by Jessica Powers
As I’ve grown as a practitioner, I’ve liked group classes less and less.
I remember being impressed by people in my yoga teacher training programs who were there only to enhance home practice.
While I was there to learn to teach, home practice is so integral to teaching that I’ve barely bothered to take any group classes since graduating my first Yoga Teacher Training in 2004.
I like it that way.
Group class teachers aren’t bad, or offensive. Some are downright lovely; delightful in their kindness, sequencing, and teaching techniques.
The other group class students are infallibly welcoming and enthusiastic. They smile easily and often hug one another in greeting or goodbye.
To be sure, the styles don’t always rock me. I know I’m a bit of an opinionated snob, though, I recognize that.
Still… I thought that the community aspect of group classes would trump the style card. I expected my love of sharing space and breath with other yogis to cry and pout and demand I attend classes.
It hasn’t. (The hugging might put me off a little as well, and bring ‘Kumbaya’ to mind, which makes me twitch in a homicidal manner.)
At any rate – I don’t miss group classes! I love my home practice.
Let’s consider the arguments for home vs. group practice…
THE DOWNSIDE TO SOLITARY HOME PRACTICE
- Leaving out challenging poses. Aka – being a bit lazy in my practice. Drop backs into Wheel Pose? No thanks. 108 Surya Namaskar? Not unless I need to pray hardcore. That pretzel pose Madonna can do with feet behind the head? Or jumpbacks to Caturanga? No and no. In fact, I have to bully myself a wee bit just to squeeze Extended Side Angle Pose in – it’s always been a challenge for me, with one leg shaking like a sewing machine, even if it is in the ‘beginners’ pose book for most Yoga lineages.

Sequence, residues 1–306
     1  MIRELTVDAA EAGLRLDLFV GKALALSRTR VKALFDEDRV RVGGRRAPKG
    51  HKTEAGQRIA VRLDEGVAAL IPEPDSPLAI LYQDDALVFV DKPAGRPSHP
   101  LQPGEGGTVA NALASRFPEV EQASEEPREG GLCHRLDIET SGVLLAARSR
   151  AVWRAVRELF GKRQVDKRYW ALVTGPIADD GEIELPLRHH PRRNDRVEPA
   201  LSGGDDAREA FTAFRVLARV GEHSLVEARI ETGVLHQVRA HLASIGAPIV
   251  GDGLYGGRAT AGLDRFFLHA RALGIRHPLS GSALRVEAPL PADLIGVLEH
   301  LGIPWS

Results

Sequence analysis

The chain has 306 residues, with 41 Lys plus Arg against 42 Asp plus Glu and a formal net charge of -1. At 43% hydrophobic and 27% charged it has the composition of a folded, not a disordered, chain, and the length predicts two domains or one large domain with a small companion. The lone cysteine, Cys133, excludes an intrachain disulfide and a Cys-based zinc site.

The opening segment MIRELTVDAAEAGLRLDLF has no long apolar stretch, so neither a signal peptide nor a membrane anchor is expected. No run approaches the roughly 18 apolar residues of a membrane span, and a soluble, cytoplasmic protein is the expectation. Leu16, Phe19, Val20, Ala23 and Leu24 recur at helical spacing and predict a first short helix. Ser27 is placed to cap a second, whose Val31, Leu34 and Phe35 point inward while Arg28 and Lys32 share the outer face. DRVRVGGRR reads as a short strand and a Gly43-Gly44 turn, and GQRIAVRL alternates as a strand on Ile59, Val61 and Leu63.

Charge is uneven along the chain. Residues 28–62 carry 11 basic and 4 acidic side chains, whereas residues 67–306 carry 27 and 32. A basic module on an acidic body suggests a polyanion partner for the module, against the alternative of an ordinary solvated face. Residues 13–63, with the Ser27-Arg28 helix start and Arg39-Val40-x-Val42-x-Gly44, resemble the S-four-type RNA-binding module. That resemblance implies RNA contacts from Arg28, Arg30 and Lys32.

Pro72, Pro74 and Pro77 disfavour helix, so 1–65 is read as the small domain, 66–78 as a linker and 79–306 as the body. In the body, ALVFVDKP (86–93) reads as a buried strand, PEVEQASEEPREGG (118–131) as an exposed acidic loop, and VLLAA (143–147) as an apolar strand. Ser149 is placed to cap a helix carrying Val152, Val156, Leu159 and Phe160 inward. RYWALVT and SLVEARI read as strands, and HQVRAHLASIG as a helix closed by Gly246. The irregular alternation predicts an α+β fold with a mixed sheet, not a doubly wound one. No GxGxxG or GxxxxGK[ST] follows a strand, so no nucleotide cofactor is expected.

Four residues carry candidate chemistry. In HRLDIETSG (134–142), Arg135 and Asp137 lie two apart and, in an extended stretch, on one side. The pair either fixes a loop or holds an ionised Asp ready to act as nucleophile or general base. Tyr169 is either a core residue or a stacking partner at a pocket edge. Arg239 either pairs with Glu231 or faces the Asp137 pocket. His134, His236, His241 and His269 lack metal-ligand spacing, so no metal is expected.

- Abbreviated practices. When you go to class you devote an entire hour or more to Yoga. You turn off your cell phone. Somebody closes the door and no one is allowed to open it and ask you for anything. Your pets can’t come and sit on you, or under you, and create no-go zones on your mat. Instead, at home, it might be 10 minutes playing with Handstand in the hall or 15 minutes of Lunges and various balance poses when your ankles feel weak.
- Lack of group energy. A wonderful thing that can fuel and support poses you dislike/struggle in/are almost fully embodying. Having other people cheer you on is lovely in Yoga. Scientifically, I understand that our brains process information in such a way that when we watch other people do poses we ourselves can’t yet perform, our body actually gets some of the benefit!
- No outside eye. Teachers are there to catch your body moving into habitual movement patterns that might not be optimal or safe over time. Ideally, not practicing with the class, teachers are watching like hawks for misalignment or cold areas in energy as it moves through the body while you practice your poses. They can kindly place a hand on a ribcage and ask you to breathe into it, finding more spaciousness and ease to expand the pose towards. They can suggest micro-engagement of muscles to enliven a leg, or remind you to release your clenched jaw and fists so that you soften your effort.